EXCHANGES CANNOT HOLD BACK THE TIDE.
Two key measures contained in MiFID II will provide respite to European brokers: greater clarity around what constitutes ‘best execution’ and an attempt to restrict what incumbent European exchanges charge for market data. Mark Hemsley, CEO of BATS Chi-X Europe explains.
At present, brokers operating in the brave new world outlined in the first implementation of MiFID in 2007 are facing something of a limbo. For while MiFID I outlined a vision for markets, it failed to truly define the specifics of its banner initiatives.
‘Best execution’ is a case in point. In the US, ‘best execution’ is a defined metric that takes into account price, time and likelihood of execution. The same cannot be said in Europe, where any combination of: ‘price, cost, likelihood of execution or settlement, size, nature or any other consideration relevant to the execution of an order’ can constitute ‘best execution’.
While this elasticity can benefit investors pursuing specific trading strategies, a recent paper published by the FCA (Thematic review: Best execution and payment for order flow, July 2014) established that the ephemeral notion of ‘best execution’ creates considerable variance of service between broking firms.
It is helpful that MiFID II will seek to remedy this issue by creating a more prescriptive data regime to which brokers can respond to, and organise around.
But it remains the case that even with a more rigid, data-driven ‘best execution’ framework, exchange groups could do more to equip brokers with the fullest possible view of the pan-European marketplace at the most competitive price.
At present incumbent exchanges i) charge too much for European market data, and ii) further complicate the issue with a vast array of contractual terms and requirements. Given data should underpin any proper analysis of best execution, limiting data costs is of vital importance.
It is encouraging then that the European Commission, in its mandate to ESMA, agreed that data costs in Europe are too high. A combination of three steps, already outlined in the MiFID II consultation paper, will help to remedy the issue.
Greater transparency around costs is vital. Considerable opacity exists around existing market data agreements to the extent that exchanges do not use standardised definitions for common use. This impacts the ability of brokers to make like-for-like comparisons, and determine which solutions work best for them and their customers. A rational following step would be to mandate data unbundling – for example by offering auction and intraday trading data separately.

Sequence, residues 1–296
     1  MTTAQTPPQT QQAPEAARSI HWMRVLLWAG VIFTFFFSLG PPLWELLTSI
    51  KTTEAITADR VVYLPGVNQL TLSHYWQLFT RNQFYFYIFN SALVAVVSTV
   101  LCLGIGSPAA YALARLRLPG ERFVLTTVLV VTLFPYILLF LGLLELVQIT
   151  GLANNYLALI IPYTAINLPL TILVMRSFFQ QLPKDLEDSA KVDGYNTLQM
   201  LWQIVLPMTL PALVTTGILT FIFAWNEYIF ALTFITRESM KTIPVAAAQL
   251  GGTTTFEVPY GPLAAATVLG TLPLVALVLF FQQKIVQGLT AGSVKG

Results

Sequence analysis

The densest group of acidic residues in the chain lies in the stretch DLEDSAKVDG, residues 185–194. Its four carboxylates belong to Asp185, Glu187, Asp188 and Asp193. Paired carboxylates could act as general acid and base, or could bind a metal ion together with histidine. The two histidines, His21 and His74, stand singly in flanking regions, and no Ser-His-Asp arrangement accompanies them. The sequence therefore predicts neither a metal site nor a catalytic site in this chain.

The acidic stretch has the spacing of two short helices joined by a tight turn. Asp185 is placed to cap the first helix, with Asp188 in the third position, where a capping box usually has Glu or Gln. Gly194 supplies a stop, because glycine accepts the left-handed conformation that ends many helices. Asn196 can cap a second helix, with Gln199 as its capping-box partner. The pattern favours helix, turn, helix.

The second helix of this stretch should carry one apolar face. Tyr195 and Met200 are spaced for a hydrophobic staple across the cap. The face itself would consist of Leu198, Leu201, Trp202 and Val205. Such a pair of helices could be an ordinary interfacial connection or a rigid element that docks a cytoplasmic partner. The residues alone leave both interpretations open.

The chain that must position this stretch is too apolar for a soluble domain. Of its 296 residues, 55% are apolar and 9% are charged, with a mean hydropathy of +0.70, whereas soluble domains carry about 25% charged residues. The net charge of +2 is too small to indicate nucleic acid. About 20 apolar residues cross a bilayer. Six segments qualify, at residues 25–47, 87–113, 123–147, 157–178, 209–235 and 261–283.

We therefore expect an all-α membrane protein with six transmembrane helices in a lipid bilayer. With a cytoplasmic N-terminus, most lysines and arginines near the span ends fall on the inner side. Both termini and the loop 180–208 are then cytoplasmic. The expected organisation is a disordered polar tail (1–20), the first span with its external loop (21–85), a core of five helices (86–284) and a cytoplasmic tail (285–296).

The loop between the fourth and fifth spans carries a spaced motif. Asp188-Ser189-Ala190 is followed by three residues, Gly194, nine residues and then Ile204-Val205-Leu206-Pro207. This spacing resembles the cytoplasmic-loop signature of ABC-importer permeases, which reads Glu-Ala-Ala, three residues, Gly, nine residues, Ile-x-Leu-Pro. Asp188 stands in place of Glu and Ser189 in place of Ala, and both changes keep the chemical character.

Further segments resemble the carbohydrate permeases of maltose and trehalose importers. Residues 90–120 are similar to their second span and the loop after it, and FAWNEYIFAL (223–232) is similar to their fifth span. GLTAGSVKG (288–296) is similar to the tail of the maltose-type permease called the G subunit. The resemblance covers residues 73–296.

The proportion of income exchanges derive from data sales should also be measured and reported to customers, to address the issue of incumbent exchanges squeezing data sales to bolster net revenues as their share of trading declines. Very few brokers are happy to prop up exchange revenues, and many more would like to see venues address their internal management and long-term strategy to reflect the new competitive landscape in Europe.
However, transparency around either products or revenues will not be sufficient in limiting data costs. To that end, implementing a Long Run Incremental Cost (LRIC) model, similar to that used by telecommunications and energy industries, charging for ‘raw’ trading data, is essential. In effect, this will mean that data suppliers recover no more than it should cost to provide this basic service – plus a reasonable operating margin (hence ‘LRIC+’). In turn, this should prompt greater competition among data providers for ‘value-add’ products that deliver tangible benefits and insights to customers.
But exchanges also need to simplify the market for trade data. It should not be a stretch, for example, for exchanges to provide per-user pricing, or agree to a single definition of what (and what’s not) ‘non-display’ data. Clear reporting models should also be a minimum requirement. Yet incumbent national exchanges are furiously fighting any such intervention – either on the issue of cost or clarity.
Amongst other things, this ill-advised policy hinders the commercial realisation of a pan-European consolidated tape: bundling data costs and attempting to rationalise contractual terms from each exchange is far too costly and complex.
Yet such a tape would provide a very valuable tool for brokers, and ultimately, their end-customers. All trading participants would have the same view of consolidated liquidity, and the same access to post-trade data. Irrespective of how ‘best execution’ comes to be defined, creating a single, minimum data source significantly reduces the chances of miscalculation and misinterpretation.
There are also tangible benefits to making trade data cheaper and simpler: as the FCA notes, ‘every basis point of cost saving could translate in £264m in additional client returns each year. Over a thirty year period, a 1 basis point improvement in trading costs could represent an additional £37.5bn in client returns.’
That incumbent exchanges in effect conspire to prevent their customers fulfil best execution requirements is indefensible. Then again, given their history with MiFID I, perhaps it’s not surprising that they are still to learn you cannot turn the tide.
© BestExecution 2014